Adding to the general misery is the news that about 20% of all mortgage holders in the U.S. are underwater or owe more than their homes are worth. California’s rate of negative equity is 30% of mortgage holders placing it on a par with Florida–in 5th place. It’s not quite so bad in L.A. County even with the statistical drag of  the Antelope Valley and the High Desert areas. In L.A. County about 23% of homeowners are in negative territory.

Of course, owing more than the home is worth is a difficult situation for homeowners. It hardly seems worth the struggle to make the payment. In fact, many don’t. They may have made a” business decision” [does it make sense to pay on a $400,000 mortgage when the house is worth $300,000?]  More likely,  they can no longer afford the payment due to job loss, job cutbacks or readjusting mortgages. Across the country,  4% of mortgage holders were at least 60 days late in the last quarter of 2008. A year earlier, the figure was 3%.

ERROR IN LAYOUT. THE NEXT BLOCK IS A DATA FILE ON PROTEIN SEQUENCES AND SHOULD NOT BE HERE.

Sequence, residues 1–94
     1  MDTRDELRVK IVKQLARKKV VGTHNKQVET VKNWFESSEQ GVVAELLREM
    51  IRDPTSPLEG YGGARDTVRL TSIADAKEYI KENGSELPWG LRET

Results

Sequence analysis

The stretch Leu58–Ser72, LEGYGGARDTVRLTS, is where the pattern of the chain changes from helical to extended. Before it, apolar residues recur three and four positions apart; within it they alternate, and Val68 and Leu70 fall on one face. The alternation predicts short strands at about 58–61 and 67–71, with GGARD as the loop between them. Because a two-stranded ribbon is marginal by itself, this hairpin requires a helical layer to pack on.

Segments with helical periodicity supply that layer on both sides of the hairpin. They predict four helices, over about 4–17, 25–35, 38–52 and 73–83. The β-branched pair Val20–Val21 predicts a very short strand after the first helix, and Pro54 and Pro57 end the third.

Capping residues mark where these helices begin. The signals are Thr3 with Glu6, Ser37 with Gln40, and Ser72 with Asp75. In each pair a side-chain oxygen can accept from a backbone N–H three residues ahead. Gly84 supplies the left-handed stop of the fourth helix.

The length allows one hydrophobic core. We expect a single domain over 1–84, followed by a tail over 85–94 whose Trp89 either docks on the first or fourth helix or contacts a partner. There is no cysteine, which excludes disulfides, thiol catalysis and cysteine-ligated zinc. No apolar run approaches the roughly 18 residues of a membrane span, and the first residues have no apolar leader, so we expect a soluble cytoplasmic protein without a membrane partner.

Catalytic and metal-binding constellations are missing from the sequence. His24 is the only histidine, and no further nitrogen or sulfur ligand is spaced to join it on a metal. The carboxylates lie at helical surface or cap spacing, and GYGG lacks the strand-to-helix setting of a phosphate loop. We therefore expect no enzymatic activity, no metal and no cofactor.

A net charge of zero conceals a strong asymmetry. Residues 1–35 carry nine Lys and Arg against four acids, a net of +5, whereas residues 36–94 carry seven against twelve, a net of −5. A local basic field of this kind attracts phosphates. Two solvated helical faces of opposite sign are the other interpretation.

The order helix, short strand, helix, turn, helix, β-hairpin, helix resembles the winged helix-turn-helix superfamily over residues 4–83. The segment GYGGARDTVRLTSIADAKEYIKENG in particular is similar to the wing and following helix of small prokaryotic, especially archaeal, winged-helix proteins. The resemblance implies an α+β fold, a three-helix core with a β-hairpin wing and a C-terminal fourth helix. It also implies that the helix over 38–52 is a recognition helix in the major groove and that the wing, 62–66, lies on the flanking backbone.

How’s California doing? Not so good, as we might expect, given the rising unemployment statistics. Of California home owners 6.9%  were categorized as delinquent in Q4 08. This compares to Florida, highest in the nation with 9.5% rate. We are still behind also Nevada and Arizona.


But, these four populous states really are like the Four Horsemen of the Apocalypse. Their condition does presage disaster for the rest of the country. We four are huge markets for the rest of the country and the world. California alone has something like the 10th largest economy in the world. If our economic engine is stilled, what will happen to our trading partners and our fellow citizens in other states?